Both standard IBE security notions (INDIDCPA and INDIDCCA) are formalized as a security game. In this game, a hypothetical adversary \(\mathcal {A}\) chooses an identity \( id ^*\), and messages \(m _0^*\) and \(m _1^*\), and tries to distinguish an encryption of \(m _0^*\) from an encryption of \(m _1^*\) (both prepared for receiver identity \( id ^*\)). Besides, \(\mathcal {A}\) may (adaptively) ask for arbitrary user secret keys for identities \( id \ne id ^*\). (In case of INDIDCCA security, \(\mathcal {A}\) additionally gets access to a decryption oracle for arbitrary identities.) If no efficient \(\mathcal {A}\) can successfully distinguish these ciphertexts, we consider the system secure.
At this point, we note that these gamebased notions of security do allow for a form of adaptivity (in the sense that \(\mathcal {A}\) may adaptively ask for user secret keys), but do not directly consider a concrete communication scenario.
1.3 Contributions
In this work, we investigate the goal of noninteractive communication, and in particular the use of IBE schemes to achieve that goal. Perhaps surprisingly, it turns out that the standard notions of IBE security do not imply noninteractive communication in the standard model. However, we prove that standard IBE security notions do imply noninteractive communication in the random oracle model and also weaker forms of noninteractive communication in the standard model. (Loosely speaking, standard IBE security notions achieve noninteractive communication in a setting in which registrations always occur before any attempt is made to send messages to the respective receiving party.) Furthermore, we introduce a new security notion that is weaker than the standard notion, but still implies a very natural weaker notion of noninteractive communication in the standard model.
To formalize our results, we use the constructive cryptography (CC) framework due to Maurer and Renner [12, 13]. We stress, however, that our results do not depend on that particular formal model. Specifically, the reason that standard IBE security does not imply noninteractive communication is not tied to the specifics of CC. (We give a more detailed explanation of this reason below, and we will hint at the differences to a potential formulation in Canetti’s universal composability framework [5] where appropriate.)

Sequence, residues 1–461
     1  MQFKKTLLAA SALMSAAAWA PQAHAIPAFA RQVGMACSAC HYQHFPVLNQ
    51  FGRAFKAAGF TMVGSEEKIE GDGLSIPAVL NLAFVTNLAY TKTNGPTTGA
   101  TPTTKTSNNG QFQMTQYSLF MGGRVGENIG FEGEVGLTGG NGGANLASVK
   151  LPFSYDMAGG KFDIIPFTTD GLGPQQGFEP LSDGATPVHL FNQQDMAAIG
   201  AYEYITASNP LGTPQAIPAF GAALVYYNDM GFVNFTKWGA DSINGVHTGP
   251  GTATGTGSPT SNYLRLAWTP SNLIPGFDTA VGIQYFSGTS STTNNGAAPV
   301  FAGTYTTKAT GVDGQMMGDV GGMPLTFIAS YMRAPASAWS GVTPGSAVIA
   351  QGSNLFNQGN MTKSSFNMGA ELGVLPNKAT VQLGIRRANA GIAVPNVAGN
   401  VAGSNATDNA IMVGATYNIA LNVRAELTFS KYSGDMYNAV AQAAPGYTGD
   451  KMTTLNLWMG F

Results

A More Technical View. A little more technically, we model noninteractive communication as a “delivery controlled channels” resource \(\mathsf {DCC}\).^{1} This resource has a number of interfaces, called \(A\), \(B_1,\dots ,B_n\), and \(C\), to the involved users. Intuitively, interface \(C\) is used to register parties, \(A\) is used to send messages^{2}, and the interfaces \(B_i\) are used to receive messages by different parties.

Registration queries (made at interface \(C\)) register an interface \(B_i\) for receiving messages sent to an identity \( id \). (Depending on the envisioned physical registration process, the fact that \(B_i\) was registered under identity \( id \) may become public. We model this by leaking the pair \(( id ,i)\) at all interfaces \(B_j\).)

Send queries (at interface \(A\)) send a message \(m\) to a given identity \( id \). (The message will then be delivered to all interfaces which have been registered for this identity. Besides, any interface \(B_i\) which is later registered for that identity \( id \) will also receive \(m\) upon registration.)

When thinking of an IBE scheme as realizing \(\mathsf {DCC}\), we cannot prevent dishonest parties from sharing their keys in the real world. As a result, also the messages sent to that party are shared with every party that got the key. Our ideal system \(\mathsf {DCC}\) has to make this explicit, so we admit share queries (at any interface \(B_i\)) that cause all messages sent to this interface to be potentially^{3} published at all other interfaces \(B_j\) that have also made a share query.
Furthermore, all parties (i.e., all interfaces \(B_i\)) at the beginning (potentially) receive an honestly generated random string (that corresponds to the randomness in the public master key of an IBE scheme that can potentially be extracted). We deem an IBE scheme secure if it implements this resource (when used in the straightforward way) in the sense of constructive cryptography. (In particular, this means that the view of any given party using the real IBE scheme can be simulated efficiently with access to the ideal noninteractive communication resource only.) We note that we do not model secret keys or ciphertexts in our ideal resource.